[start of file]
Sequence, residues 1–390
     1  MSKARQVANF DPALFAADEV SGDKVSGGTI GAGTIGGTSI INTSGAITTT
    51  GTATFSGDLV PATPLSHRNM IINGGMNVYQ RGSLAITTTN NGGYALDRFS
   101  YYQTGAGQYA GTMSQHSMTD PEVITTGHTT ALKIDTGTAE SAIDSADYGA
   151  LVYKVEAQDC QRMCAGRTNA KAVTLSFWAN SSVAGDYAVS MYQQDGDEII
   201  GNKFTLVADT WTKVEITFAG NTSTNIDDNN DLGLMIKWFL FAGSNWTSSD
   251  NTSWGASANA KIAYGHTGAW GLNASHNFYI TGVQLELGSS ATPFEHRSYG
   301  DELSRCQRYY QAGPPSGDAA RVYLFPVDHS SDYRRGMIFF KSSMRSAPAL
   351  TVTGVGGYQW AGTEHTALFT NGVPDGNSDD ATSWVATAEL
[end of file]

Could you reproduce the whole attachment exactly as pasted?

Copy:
Sequence, residues 1–390
     1  MSKARQVANF DPALFAADEV SGDKVSGGTI GAGTIGGTSI INTSGAITTT
    51  GTATFSGDLV PATPLSHRNM IINGGMNVYQ RGSLAITTTN NGGYALDRFS
   101  YYQTGAGQYA GTMSQHSMTD PEVITTGHTT ALKIDTGTAE SAIDSADYGA
   151  LVYKVEAQDC QRMCAGRTNA KAVTLSFWAN SSVAGDYAVS MYQQDGDEII
   201  GNKFTLVADT WTKVEITFAG NTSTNIDDNN DLGLMIKWFL FAGSNWTSSD
   251  NTSWGASANA KIAYGHTGAW GLNASHNFYI TGVQLELGSS ATPFEHRSYG
   301  DELSRCQRYY QAGPPSGDAA RVYLFPVDHS SDYRRGMIFF KSSMRSAPAL
   351  TVTGVGGYQW AGTEHTALFT NGVPDGNSDD ATSWVATAEL